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Carol Culver Rzadkiewicz

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Comma Splices, Fused Sentences, and Fragments
by Carol Culver Rzadkiewicz   
Rated "G" by the Author.
Last edited: Sunday, December 30, 2007
Posted: Sunday, December 30, 2007

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Do you know how to correct a fused sentence, comma splice, or fragment? Do you even know what they are?


Comma Splices & Fused Sentences:

You create a comma splice when you connect two independent clauses with only a comma. You create a fused sentence when you run two sentences together without any punctuation. 

Example of a comma splice: I walked to the old schoolhouse on the corner, it was not like the one I remembered from my childhood.

You cannot connect two independent clauses with only a comma.

Example of a fused sentence: I walked to the old schoolhouse on the corner it was not like the one I remember from my childhood.

You cannot “fuse” two independent clauses together.

 How to correct comma splices and fused sentences: 

a)     I walked to the old schoolhouse on the corner; it was not like the one I remembered from my childhood. (Connect with a semicolon if the clauses are closely related)

b)     I walked to the old schoolhouse on the corner, but it was not like the one I remembered from my childhood. (Insert one of the seven coordinating conjunctions after the comma. The coordinating conjunctions are “for, and, nor, but, or, yet, so.”)

c)      When I walked to the old schoolhouse on the corner, it was not like the one I remembered from my childhood. (Make one clause a dependent (or subordinate) clause by adding a subordinating conjunction, for example, “when, because, after, since, before,” etc.)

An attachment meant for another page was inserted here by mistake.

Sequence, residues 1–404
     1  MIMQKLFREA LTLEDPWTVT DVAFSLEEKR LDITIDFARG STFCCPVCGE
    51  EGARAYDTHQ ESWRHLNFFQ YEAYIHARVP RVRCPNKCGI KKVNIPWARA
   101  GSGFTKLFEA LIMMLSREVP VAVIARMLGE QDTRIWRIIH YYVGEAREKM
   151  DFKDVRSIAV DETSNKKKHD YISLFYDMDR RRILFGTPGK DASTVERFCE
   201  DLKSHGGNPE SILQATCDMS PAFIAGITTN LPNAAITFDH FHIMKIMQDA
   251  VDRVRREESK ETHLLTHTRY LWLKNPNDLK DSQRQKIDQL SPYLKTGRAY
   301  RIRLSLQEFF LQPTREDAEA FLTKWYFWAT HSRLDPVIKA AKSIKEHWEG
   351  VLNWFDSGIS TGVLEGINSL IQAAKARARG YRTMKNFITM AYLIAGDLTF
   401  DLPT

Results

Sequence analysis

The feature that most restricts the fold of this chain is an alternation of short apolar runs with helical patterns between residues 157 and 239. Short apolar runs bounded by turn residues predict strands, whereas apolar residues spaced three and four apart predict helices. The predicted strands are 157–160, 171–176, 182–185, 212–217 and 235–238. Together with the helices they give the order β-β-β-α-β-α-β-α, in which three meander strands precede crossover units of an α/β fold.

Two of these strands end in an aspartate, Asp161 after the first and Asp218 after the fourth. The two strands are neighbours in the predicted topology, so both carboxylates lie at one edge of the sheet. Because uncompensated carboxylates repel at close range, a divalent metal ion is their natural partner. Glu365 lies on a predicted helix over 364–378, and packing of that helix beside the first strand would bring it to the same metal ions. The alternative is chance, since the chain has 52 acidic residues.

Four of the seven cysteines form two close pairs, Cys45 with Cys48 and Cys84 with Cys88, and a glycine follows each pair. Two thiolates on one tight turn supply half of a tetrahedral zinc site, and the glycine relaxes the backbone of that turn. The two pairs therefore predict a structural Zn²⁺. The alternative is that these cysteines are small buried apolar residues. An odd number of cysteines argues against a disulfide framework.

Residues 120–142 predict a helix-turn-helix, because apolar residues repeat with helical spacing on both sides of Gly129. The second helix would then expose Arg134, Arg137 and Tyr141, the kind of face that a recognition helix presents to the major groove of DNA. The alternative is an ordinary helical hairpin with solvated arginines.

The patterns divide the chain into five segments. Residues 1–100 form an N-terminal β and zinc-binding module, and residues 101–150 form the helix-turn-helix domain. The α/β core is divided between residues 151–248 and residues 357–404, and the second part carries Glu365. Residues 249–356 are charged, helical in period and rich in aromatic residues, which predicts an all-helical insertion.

d)     I walked to the old schoolhouse on the corner. It was not like the one I remembered from my childhood. (Insert a period between the clauses and make two distinct sentences)

e)     I walked to the old schoolhouse on the corner; however, it was not like the one I remembered from my childhood. (Connect the sentences with a conjunctive adverb (however, nevertheless, consequently, subsequently, on the other hand, moreover,” etc. When you use a conjunctive adverb, it is preceded by a semicolon and followed by a comma.)

 

Fragments
A fragment is part of sentence and does not express a complete thought. 

Examples:

1)     Which is what I should have done in the first place. (Adjectival clause)

 Correction:

a.      I changed the lock on the door, which is what I should have done in the first place.

 

2)     Something that she later regretted.   (Adjectival clause)

 Correction:

a.      Susan ate the entire cake, something that she later regretted.

b.      It was something that she later regretted.

3)     Looking over his shoulder and taking deep breaths.  (Participle phrase)

 Correction:

a.      Looking over his shoulder and taking deep breaths, John walked through the dark alley. 

b.      John was looking over his should and taking deep breaths as he walked through the dark alley.

4)     Because I wanted to be his friend. (Dependent or subordinate clause)

Correction:

a.      I made an overture to John because I wanted to be his friend.

b.      Because I wanted to be his friend, I made an overture to John.

5)     First, the ten rules of comma usage. (A noun phrase)

Correction:

a.      First, the ten rules of comma usage will be covered during the semester. 

b.      First, the ten rules of comma usage are important for every writer to know.

c.      First, we will address the ten rules of comma usage. 

 
 

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Reviewed by Karla Dorman, The StormSpinner
Carol,

I shall save this; it will be of use for me in my writing! Thank you.

(((HUGS))) and love, and Happy New Year,

Karla.

Went to review your poem and put the wrong name, went to edit. Wouldn't let me, erased it...a lovely ride on winds of night. Sorry about that, it was beautiful!
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